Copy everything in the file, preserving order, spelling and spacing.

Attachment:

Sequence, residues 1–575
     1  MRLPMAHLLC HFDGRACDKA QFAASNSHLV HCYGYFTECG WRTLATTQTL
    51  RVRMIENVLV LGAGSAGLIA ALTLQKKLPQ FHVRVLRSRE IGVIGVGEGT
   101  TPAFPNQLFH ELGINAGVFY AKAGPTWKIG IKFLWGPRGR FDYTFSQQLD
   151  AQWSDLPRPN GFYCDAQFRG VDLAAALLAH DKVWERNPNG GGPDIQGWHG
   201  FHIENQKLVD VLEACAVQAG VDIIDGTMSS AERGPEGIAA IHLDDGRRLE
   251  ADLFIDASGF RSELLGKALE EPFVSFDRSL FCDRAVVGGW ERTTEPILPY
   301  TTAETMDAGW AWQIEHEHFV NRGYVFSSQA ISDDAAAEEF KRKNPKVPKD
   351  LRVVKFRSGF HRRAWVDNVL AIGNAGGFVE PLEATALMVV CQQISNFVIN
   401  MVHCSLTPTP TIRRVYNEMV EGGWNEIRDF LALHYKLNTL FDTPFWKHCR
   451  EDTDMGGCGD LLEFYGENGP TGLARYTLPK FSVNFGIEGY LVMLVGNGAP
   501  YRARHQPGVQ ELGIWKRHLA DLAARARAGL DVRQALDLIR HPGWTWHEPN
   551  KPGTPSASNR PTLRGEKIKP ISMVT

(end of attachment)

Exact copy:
Sequence, residues 1–575
     1  MRLPMAHLLC HFDGRACDKA QFAASNSHLV HCYGYFTECG WRTLATTQTL
    51  RVRMIENVLV LGAGSAGLIA ALTLQKKLPQ FHVRVLRSRE IGVIGVGEGT
   101  TPAFPNQLFH ELGINAGVFY AKAGPTWKIG IKFLWGPRGR FDYTFSQQLD
   151  AQWSDLPRPN GFYCDAQFRG VDLAAALLAH DKVWERNPNG GGPDIQGWHG
   201  FHIENQKLVD VLEACAVQAG VDIIDGTMSS AERGPEGIAA IHLDDGRRLE
   251  ADLFIDASGF RSELLGKALE EPFVSFDRSL FCDRAVVGGW ERTTEPILPY
   301  TTAETMDAGW AWQIEHEHFV NRGYVFSSQA ISDDAAAEEF KRKNPKVPKD
   351  LRVVKFRSGF HRRAWVDNVL AIGNAGGFVE PLEATALMVV CQQISNFVIN
   401  MVHCSLTPTP TIRRVYNEMV EGGWNEIRDF LALHYKLNTL FDTPFWKHCR
   451  EDTDMGGCGD LLEFYGENGP TGLARYTLPK FSVNFGIEGY LVMLVGNGAP
   501  YRARHQPGVQ ELGIWKRHLA DLAARARAGL DVRQALDLIR HPGWTWHEPN
   551  KPGTPSASNR PTLRGEKIKP ISMVT